Table 2. Typical differentiators of workstations, some of which have nothing to do with hardware specifications.
Line-blurring Machine from HP
Since we're on this topic, it's worth noting that HP recently released a new machine targeting visual professionals, CAD users in particular. But rather than give it the company's Z branding, HP instead created a Workstation Edition of its commercial EliteDesk line. The EliteDesk Workstation Edition is marketed as a more economical tool for CAD users. But is it a workstation? The EliteDesk Workstation Edition comes in more than one model and SKU, some ISV-certified by Autodesk and shipping with NVIDIA Quadro GPUs serving the same core audience as its Z workstation. Other models that target those who consume the products of a CAD workflow, rather than create them, come without certification and are built around NVIDIA GeForce and offer the same memory and storage components as a higher-end commercial or gaming PC.
Given that information, and based on our litmus test requiring something of value besides a label, I'm inclined to label the former models workstations, but not the latter. The former models offer professional GPUs and ISV certification and the latter models neither, and, as far as I can discern, don't offer anything more than what other EliteDesk PCs can.
The Workstation Label is Still Valuable
The workstation market today is thriving. Last year saw a record number of workstations shipped, 12.5% higher than 2017. And 2018 was no aberration, as 2016 and 2017 showed near 10% growth as well, resulting in an aggregate of 40% unit growth in the space in three years' time (all figures courtesy of Jon Peddie Research). Those are particularly bullish numbers when considered in the context of a long-term stagnant-to-contracting trend occurring in broader client PC markets during the same time period.
Importantly, the workstation platform isn't thriving based on its hardware DNA alone. Rather, it's thriving because the market continues to value its basic product proposition: to pay some degree more for a commensurate degree of better reliability, performance and/or support for users whose productivity relies on throughput and uptime. Yes, that does have to do with the foundation of hardware technology the platform draws upon, but it has just as much to do with how the platform is shaped and optimized based on that technology, as well as a wide range of benefits that have nothing to do with hardware at all.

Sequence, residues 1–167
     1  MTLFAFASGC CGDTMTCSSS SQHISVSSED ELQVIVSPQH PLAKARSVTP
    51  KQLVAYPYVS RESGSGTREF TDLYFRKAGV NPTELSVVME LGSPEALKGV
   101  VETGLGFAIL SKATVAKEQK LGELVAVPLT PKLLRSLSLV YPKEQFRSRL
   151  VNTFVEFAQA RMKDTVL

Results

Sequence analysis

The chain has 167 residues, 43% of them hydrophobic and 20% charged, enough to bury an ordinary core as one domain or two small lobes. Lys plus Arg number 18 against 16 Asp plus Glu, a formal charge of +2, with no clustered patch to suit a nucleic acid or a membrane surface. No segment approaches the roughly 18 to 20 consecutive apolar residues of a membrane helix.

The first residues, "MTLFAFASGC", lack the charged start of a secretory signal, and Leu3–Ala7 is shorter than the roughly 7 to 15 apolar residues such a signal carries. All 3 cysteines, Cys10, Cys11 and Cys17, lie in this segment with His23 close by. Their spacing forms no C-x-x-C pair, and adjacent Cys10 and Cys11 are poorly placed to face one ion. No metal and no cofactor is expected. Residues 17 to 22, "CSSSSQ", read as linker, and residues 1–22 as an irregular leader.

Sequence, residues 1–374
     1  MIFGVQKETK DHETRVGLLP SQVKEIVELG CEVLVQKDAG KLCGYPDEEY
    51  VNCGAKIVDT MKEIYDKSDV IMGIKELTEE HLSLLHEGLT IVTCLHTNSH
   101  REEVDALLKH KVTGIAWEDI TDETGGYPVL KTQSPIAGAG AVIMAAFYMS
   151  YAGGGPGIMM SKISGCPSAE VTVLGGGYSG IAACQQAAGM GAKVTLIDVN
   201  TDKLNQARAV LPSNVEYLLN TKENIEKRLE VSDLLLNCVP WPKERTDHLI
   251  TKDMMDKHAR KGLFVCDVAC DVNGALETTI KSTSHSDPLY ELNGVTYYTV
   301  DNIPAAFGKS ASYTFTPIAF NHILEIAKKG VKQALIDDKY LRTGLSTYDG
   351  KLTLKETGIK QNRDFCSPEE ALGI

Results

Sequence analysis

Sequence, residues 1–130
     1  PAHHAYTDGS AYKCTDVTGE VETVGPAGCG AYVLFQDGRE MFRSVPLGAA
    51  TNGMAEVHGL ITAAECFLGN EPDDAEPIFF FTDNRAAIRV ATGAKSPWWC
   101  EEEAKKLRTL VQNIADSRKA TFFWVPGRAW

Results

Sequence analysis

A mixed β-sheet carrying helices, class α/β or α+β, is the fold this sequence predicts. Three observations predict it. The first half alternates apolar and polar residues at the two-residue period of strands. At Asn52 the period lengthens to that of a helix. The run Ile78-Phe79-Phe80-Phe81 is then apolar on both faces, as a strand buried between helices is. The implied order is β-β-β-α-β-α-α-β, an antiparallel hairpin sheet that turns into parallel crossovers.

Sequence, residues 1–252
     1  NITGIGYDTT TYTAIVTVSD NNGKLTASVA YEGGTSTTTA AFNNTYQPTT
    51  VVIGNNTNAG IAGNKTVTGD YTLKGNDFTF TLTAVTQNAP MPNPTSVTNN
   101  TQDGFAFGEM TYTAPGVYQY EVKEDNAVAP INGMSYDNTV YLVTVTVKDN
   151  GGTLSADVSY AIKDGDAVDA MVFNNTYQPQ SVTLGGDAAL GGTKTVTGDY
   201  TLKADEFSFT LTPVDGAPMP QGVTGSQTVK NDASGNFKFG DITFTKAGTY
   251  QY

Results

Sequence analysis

On top of that, it's just as important to note the flip-side of the workstation's leveraging PC technology: the premium charge at that end of the market is also very slim. In exchange for what a high-end workstation model can offer, you may pay thousands of dollars more and get a machine with superior hardware in every possible respect. But at the entry level, where you may be primarily paying for ISV certification and a workstation-class GPU driver, that difference is down to hundreds or less.
Finally, factor in all the other heftier expenses of doing CAD work — software licenses, salaries, benefits, and business overhead — and CAD professionals are increasingly finding the modest premiums at the low end of the workstation market worth the incremental "something more" those products offer.